My Liverpool fandom hasn’t been lifelong. Growing up in Kentucky, my siblings and I didn’t have much access to soccer on television. Our soccer coverage relied on infrequent subscriptions of Soccer America, the occasional promo magazines sent to our dad, and old recordings of matches from the ‘90 and ‘94 World Cups.

Having an immigrant father usually meant the team you followed was selected for you. Normally, it was passed down from generation to generation in the same way that each parent passes on their DNA. But my dad immigrated from Iran in 1964, before soccer became as popular as it is today.

The bottom line, we didn’t have much of a soccer culture growing up. Sure we played and sure we watched games. But “we didn’t,” as my dad likes to say, "know shit from shinola.” We had to make it up as we went along.

It wasn’t until the mid-90s that we were regularly exposed to club soccer. We knew it existed and we knew some of the major teams—AC Milan, Barcelona, Juventus, Manchester United, Liverpool. But we didn’t know much else.

Owing to that lack of ‘culture’ or pre-determined fandom, my brother and I never really settled on a single club to cheer for while we were growing up. We ended up cheering for specific players and watching games for the sake of watching games, to pick up on some sort of tactical innovations that we hadn’t been—and likely never would be—exposed to in Bardstown, KY.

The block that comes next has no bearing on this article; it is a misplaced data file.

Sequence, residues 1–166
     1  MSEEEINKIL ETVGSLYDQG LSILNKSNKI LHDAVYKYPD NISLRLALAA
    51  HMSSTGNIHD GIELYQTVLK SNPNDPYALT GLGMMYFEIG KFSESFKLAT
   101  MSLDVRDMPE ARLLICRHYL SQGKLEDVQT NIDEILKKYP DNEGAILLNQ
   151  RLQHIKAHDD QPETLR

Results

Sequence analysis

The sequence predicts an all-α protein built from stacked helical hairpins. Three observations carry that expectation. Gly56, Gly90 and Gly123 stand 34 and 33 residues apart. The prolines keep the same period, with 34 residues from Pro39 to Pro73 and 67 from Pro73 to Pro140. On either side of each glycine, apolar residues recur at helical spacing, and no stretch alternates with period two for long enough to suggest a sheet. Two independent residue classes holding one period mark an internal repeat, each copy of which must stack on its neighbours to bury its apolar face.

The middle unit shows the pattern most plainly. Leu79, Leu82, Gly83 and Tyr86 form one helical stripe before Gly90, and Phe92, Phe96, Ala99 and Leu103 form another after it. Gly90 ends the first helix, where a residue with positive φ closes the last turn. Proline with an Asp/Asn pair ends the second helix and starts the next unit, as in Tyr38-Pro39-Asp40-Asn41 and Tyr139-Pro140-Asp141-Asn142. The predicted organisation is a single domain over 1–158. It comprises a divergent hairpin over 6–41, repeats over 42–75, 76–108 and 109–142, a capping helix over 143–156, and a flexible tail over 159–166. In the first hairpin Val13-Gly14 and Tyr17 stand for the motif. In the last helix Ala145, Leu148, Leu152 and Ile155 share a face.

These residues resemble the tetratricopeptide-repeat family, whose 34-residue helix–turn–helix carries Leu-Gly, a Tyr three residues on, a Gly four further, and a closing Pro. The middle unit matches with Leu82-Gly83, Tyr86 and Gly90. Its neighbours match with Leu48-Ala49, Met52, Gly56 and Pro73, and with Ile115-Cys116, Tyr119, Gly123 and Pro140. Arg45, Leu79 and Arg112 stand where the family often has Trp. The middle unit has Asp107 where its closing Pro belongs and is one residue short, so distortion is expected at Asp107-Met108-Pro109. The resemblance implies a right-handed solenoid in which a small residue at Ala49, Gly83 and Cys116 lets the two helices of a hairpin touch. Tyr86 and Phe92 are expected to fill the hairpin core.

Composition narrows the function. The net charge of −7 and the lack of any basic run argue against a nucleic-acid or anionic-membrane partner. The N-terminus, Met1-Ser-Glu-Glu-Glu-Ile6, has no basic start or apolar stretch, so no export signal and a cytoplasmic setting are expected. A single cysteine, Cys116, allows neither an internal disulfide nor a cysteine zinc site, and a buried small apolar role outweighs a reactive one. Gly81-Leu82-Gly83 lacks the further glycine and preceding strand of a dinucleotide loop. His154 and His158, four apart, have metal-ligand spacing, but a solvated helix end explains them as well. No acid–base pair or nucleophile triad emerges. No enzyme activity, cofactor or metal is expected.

We’d absorb every game possible. Record them, watch them again, dissect them in every way possible. But never once did we settle on a team to cheer for. Ajax, Juventus, and Barcelona all came close to capturing our undivided attention. Ajax won the first Champions League title we saw on television. Juventus won it the next year and made it to the finals in the next two seasons. Barcelona was televised more often as ESPN picked up La Liga and they had more of the players we tried to follow—Romario, Ronaldo, Ronald Koeman, Gheorghe Hagi, Hristo Stoichkov, Luis Enrique, etc.

I chalk all this up (our lack of support for a specific team) to irregular access to games on television and little to no coverage in whatever print media we had access to. Even with regular access to the internet, it was quite hard to know where to find updates on what was happening overseas.

At the turn of the century, though, as I was graduating from high school and heading off to play soccer at Union College in Barbourville, KY, I started to have a little bit more access. My teammates and I could watch games via satellite or pay per view cable channels. Teammates from Brazil came from different areas, so they had different teams they cheered for—Ponte Preta, Flamingo, Sao Paulo, Gremio, Cruzeiro. One from Scotland had played in the Glasgow Celtic youth system. A few of the Latinos were Real Madrid fans, which clashed with the fact I favored Barcelona.